Blog hopping with Alex and Sally

Devilskein and DearloveAlex and EliasMy dear friend and colleague writer, Alex Smith, invited me and and another friend, S.A. Partridge, to take over the blog hopping baton from her. She asked me to answer the following questions and to nominate two other women bloggers to continue with the chain. Before I respond, the nominations:

Page PluckerSophia from Bournemouth, UK, of the wonderful book reviewing blog: Page Plucker. Even though Sophia does not seem to be active right now, I hope she will resume her reviewing soon. It was her review of Philida which first attracted my attention to her blog.

Girl-wallpaperHelen MoffettHelen Moffett, a woman of many talents: editor, writer, cricket expert, poet, activist, cat-mother, and dear friend. She is the Helen in Helena S. Paige, one of the authors of the Girl series (I am currently reading Girl Walks into a Bar and Girl Walks into a Wedding which also has something to do with ‘hopping’ – between scenes of various erotic encounters…). Helen has also published one of my favourite volumes of poetry, Strange Fruit. Ever since I met her, I have also known that one day I am going to hold a novel in my hand that has only Helen’s name on the cover. I am looking forward to that moment very much.

THE BLOG HOPPING Q&A:

What am I working on?
I’m in the process of completing my next novel. My working title is Ordinary. It is a boy-meets-girl story for a young adult audience. I live near Bishops and I love going for walks on the school’s campus. The idea for the novel came to me during one of these walks. At first, I did not want to engage with it because I was in the middle of another novel. But Ordinary refused to go away, hijacking my creativity and keeping me awake at night, so I decided to give it a go. The other novel is on the backburner, but I hope to have both finished by the end of this year.

How does my work differ from others in its genre?
In my work I skip between genres all the time, so I am going to concentrate only on Ordinary for this answer: I hope to be able to portray teenage sexuality in a way that many teenagers will be able to relate to. Something between the extremes of over-the-top promiscuity and total innocence. I’m frustrated by both ends of the spectrum when I read YA literature. I recently saw a film that made me think of what I am trying to achieve in my novel: The First Time with Britt Robertson and Dylan O’Brien. The film is like a teenage version of Before Sunrise. Great stuff! But there is a much darker dimension to my novel than to the film.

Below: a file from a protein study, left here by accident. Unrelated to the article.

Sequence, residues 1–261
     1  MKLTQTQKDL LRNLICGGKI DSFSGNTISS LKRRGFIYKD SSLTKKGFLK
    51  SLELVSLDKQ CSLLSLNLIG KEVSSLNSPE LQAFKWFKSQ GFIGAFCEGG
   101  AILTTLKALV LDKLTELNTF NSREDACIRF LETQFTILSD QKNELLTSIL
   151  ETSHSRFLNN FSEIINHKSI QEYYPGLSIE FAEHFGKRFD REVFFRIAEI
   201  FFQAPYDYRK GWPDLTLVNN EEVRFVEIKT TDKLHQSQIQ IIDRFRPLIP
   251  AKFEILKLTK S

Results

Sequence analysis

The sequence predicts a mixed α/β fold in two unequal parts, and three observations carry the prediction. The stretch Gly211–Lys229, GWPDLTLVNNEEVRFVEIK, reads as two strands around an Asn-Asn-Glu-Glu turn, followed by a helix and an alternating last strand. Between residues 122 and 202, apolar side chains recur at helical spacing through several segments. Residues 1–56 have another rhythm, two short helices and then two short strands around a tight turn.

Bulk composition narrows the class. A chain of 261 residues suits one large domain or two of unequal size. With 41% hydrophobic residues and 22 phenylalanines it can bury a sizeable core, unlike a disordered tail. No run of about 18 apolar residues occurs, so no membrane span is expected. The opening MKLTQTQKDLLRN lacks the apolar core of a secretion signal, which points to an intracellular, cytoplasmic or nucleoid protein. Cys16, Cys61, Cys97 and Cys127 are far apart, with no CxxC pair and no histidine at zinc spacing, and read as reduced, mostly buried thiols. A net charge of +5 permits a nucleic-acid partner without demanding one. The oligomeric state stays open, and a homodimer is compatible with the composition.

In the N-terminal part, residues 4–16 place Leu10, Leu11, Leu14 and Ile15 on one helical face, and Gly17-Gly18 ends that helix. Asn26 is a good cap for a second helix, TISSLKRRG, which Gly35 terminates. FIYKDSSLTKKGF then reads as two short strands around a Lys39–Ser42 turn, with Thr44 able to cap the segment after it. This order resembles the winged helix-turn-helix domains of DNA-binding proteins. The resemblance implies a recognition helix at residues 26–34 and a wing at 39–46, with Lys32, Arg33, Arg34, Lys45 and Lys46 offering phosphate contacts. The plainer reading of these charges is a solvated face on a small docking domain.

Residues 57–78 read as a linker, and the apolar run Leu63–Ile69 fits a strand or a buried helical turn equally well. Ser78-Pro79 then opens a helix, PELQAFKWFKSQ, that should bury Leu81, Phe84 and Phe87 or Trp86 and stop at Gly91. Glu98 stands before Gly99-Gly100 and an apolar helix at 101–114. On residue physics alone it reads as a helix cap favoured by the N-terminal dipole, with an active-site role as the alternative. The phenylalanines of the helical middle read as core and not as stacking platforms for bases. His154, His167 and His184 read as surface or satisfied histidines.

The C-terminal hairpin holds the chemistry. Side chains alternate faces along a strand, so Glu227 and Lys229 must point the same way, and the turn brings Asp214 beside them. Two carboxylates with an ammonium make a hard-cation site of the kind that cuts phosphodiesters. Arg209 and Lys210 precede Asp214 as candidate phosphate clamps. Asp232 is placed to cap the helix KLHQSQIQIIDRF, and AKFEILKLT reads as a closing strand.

Britt Robertson and Dylan O'Brien in The First Time

Britt Robertson and Dylan O’Brien in The First Time


Why do I write what I do?
I cannot imagine a life without reading and writing. Sharing stories gives meaning to my existence.

How does my writing process work?
Stories come to me. Often the trigger is an image, a phrase, a mood. Sometimes it is everything at once and within seconds the whole story is fully fledged in my mind. But usually it takes a few days or even weeks to develop an idea. I cannot begin writing before I know roughly where I am heading. At the bottom of every story is something that I need to understand for myself, and the need or wish of sharing the journey to that understanding with others. Then it is all about finding the voice: who is telling the story and how. For Invisible Others I had to re-write the first 10 000 words of the novel because the first-person narrator I chose for it in the beginning wasn’t working. If necessary, I do research. It is an organic process. The writing takes me a long time, but I don’t mind. I’m extremely patient. I prefer to work in the afternoons, that is when I find myself to be most creative. It took me a long time to understand this, but I know that I can’t force anything when it comes to writing. Every story has its own rhythms. I have learned to respect that. All my creative work happens on the computer, but I do take notes on paper. My desk is drowning in them. I always share the first draft of anything I write with my husband first, then I pass it on to others for comments. The editor gets the third or fourth draft, and the process of revision starts all over. That is when the real writing begins for me.

* * *

For André J. Kershaw’s, my step-grandson’s, review of one of Sally’s novels, Dark Poppy’s Demise, click here.
For my review of Alex’s latest novel, Four Drunk Beauties, click here.

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